Luckily for the sellers, the buyers announced on their wall how much they loved the place -- before they closed the deal.
Want to better the odds that you won't get the best possible deal on the house you're trying to buy?
Before you’ve closed, tell your friends -- and the world -- via your Facebook account how much you love the house and that you’ll spend anything to get it. Chances are the seller might be reading.
Finance gurus trade a few tweets as to whose advice is worse. What do you think?
Oooh, a Twitter smackdown!! It’s Suze Orman vs. Robert Kiyosaki in a knock-down, drag-out fight over who dishes out the best financial advice.
OK, maybe it was just a few tweets on the microblogging service, but it still has the personal-finance world all a-twitter (pun intended).
Some utilities and cell providers offer miles for switching over. Should you make the move?
Receiving your monthly bills may not seem like much of a reward, but paying them can earn you more travel discounts than ever before. Many airlines have widened the playing field on offers for miles in exchange for doing business with a particular phone or electric company.
Continental is offering 5,000 bonus miles for Connecticut, New York and Texas fliers who sign up with Energy Plus as their electric supplier, plus two miles per dollar spent on the supply portion of their monthly bill. United offers a bonus of 5,000 miles when you use its site to sign up for or extend service with a major wireless provider.
Long commutes don't always mean higher costs, according to Bundle data.
Brotherly love or no, residents of Philadelphia spend almost twice as much time getting to and from work as people who live in Wichita, Kan., according to census data. The average commute times for folks who live in Baltimore, Washington, D.C., or any of California's major cities are at least a third longer than those of the good people in Omaha, Oklahoma City, or Lexington, Ky.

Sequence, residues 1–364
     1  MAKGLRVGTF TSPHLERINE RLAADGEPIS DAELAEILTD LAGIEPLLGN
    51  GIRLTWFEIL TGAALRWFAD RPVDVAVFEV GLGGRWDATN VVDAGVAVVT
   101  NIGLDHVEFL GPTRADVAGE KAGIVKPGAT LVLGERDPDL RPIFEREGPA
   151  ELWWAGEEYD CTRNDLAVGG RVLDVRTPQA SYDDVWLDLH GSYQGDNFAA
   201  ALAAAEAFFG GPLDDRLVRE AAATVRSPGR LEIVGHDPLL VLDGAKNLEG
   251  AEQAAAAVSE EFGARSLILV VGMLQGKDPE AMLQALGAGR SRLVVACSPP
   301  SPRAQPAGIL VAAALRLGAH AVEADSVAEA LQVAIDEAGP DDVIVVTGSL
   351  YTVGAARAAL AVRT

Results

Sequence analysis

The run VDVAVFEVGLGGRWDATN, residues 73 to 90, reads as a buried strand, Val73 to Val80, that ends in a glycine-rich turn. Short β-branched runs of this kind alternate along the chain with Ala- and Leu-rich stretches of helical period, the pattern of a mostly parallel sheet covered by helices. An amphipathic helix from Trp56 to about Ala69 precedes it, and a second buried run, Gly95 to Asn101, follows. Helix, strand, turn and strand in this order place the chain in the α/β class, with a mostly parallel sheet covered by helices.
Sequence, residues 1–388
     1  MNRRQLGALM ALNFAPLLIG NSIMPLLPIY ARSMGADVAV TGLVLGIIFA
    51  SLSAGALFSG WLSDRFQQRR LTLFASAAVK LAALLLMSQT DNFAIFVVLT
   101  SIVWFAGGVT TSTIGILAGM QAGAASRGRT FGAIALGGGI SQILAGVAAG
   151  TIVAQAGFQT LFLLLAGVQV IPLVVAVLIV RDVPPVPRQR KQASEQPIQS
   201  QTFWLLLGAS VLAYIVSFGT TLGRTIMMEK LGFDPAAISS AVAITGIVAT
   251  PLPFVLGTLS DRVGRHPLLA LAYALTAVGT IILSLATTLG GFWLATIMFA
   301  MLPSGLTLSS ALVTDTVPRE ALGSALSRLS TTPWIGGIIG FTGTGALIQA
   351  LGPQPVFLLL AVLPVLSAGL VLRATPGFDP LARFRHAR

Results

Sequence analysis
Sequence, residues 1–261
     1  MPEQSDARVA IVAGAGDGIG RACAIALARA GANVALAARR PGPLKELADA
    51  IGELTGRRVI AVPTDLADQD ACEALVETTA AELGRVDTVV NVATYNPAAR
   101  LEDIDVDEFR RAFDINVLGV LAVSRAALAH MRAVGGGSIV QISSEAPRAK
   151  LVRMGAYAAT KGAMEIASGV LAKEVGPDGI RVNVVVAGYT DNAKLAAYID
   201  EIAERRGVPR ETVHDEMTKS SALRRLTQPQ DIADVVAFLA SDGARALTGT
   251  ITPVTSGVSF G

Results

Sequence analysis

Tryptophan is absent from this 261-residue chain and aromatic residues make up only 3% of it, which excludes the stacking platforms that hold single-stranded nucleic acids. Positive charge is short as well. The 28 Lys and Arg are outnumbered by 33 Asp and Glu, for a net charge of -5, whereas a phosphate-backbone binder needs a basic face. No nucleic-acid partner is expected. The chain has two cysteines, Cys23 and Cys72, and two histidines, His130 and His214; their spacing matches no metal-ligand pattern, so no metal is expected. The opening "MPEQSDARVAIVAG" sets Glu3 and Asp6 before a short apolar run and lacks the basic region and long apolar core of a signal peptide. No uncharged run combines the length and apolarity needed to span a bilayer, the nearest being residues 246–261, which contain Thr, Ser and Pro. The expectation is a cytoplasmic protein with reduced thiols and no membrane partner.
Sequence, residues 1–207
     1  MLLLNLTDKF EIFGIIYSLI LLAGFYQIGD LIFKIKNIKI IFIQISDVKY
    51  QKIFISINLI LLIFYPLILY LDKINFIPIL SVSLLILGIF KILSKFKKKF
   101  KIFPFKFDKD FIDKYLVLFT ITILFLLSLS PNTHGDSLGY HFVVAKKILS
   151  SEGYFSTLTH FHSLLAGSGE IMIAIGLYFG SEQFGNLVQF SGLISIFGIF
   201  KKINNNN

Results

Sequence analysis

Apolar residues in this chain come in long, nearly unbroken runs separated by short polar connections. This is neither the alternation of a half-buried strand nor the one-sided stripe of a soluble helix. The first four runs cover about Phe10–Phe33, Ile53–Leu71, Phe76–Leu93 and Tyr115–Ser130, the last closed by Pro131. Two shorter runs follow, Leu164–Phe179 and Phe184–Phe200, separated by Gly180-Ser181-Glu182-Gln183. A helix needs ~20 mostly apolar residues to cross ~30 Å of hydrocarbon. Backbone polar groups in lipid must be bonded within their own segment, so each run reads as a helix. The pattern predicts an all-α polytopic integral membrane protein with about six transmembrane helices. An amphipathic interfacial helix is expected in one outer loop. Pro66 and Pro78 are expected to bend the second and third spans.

But do people with a short commute necessarily spend less on gas or car maintenance?
Self-motivated students can always make college work if they choose to do so.
One of the most common debates I hear about from people such as myself -- 20- and 30-somethings with young children -- is whether it makes more sense to save adequately for retirement or save adequately for their children’s college education. Young career folks often don’t have the means to do both, so it becomes a choice.
Retirement or college? Today, I’ll look at both sides of this coin, which is central in my own life.
You may owe money, but you're not required to pay with your dignity.
Owing more than you can pay is bad enough. Being badgered, hounded and abused by a debt collector can make your life a living hell.
But if you ever find yourself harassed by dozens of phone calls daily, here’s something you should know: You don’t deserve to be treated like a doormat. Nor should you tolerate it. And if your legal rights are being violated, you might qualify for free legal help to make it stop.
Survey says Americans are getting comfort and strength from the four-legged members of their households.
A poll by Catalyst Direct Inc. found that the majority of pet owners surveyed are experiencing various degrees of nervousness or stress about the economy. However, these folks don’t have to face their troubles alone:
- 89% said their pets help them cope with the stress.
- 83% “value the steady presence their pets provide in an uncertain economy.”
- 86% “value their pet’s appreciation.”
But here’s the real tribute:
Think again before you get in a rush to pay off the loan.
Conventional wisdom holds that a mortgage on the house you live in is a special kind of debt, one that, mostly because of favorable tax treatment, is so cheap that you should be in no particular hurry to pay it off.
But there is a popular heresy that opposes this firmly established orthodoxy. It holds that all debt is a bad idea, and paying 3X to the bank so you can save X on your taxes is loopy. Free Money Finance made this case recently. And Dave Ramsey is probably the high priest of this particular sect.
I have an instinctive contempt for orthodoxy and a sympathy for heresies of all kinds. But, alas, this is one of those cases where the conventional wisdom is spot on. Sad and boring, but true.
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